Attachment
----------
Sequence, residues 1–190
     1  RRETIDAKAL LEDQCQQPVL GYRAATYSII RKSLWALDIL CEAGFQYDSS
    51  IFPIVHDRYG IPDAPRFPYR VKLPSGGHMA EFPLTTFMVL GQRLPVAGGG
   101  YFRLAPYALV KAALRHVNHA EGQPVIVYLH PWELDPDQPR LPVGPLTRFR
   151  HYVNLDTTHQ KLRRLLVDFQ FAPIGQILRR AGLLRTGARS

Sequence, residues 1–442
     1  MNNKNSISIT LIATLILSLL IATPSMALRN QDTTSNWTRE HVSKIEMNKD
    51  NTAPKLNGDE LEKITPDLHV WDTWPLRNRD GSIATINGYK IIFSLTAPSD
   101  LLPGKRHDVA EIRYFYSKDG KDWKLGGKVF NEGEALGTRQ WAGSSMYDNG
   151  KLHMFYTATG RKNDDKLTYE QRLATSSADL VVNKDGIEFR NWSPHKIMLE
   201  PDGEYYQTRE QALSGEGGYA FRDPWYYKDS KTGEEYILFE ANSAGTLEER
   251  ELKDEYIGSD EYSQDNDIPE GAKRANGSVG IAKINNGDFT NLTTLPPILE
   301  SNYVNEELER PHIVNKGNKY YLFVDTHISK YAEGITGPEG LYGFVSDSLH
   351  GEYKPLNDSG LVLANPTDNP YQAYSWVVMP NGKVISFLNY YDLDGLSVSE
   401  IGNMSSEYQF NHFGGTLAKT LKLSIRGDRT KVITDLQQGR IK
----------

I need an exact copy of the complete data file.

Sequence, residues 1–190
     1  RRETIDAKAL LEDQCQQPVL GYRAATYSII RKSLWALDIL CEAGFQYDSS
    51  IFPIVHDRYG IPDAPRFPYR VKLPSGGHMA EFPLTTFMVL GQRLPVAGGG
   101  YFRLAPYALV KAALRHVNHA EGQPVIVYLH PWELDPDQPR LPVGPLTRFR
   151  HYVNLDTTHQ KLRRLLVDFQ FAPIGQILRR AGLLRTGARS

Sequence, residues 1–442
     1  MNNKNSISIT LIATLILSLL IATPSMALRN QDTTSNWTRE HVSKIEMNKD
    51  NTAPKLNGDE LEKITPDLHV WDTWPLRNRD GSIATINGYK IIFSLTAPSD
   101  LLPGKRHDVA EIRYFYSKDG KDWKLGGKVF NEGEALGTRQ WAGSSMYDNG
   151  KLHMFYTATG RKNDDKLTYE QRLATSSADL VVNKDGIEFR NWSPHKIMLE
   201  PDGEYYQTRE QALSGEGGYA FRDPWYYKDS KTGEEYILFE ANSAGTLEER
   251  ELKDEYIGSD EYSQDNDIPE GAKRANGSVG IAKINNGDFT NLTTLPPILE
   301  SNYVNEELER PHIVNKGNKY YLFVDTHISK YAEGITGPEG LYGFVSDSLH
   351  GEYKPLNDSG LVLANPTDNP YQAYSWVVMP NGKVISFLNY YDLDGLSVSE
   401  IGNMSSEYQF NHFGGTLAKT LKLSIRGDRT KVITDLQQGR IK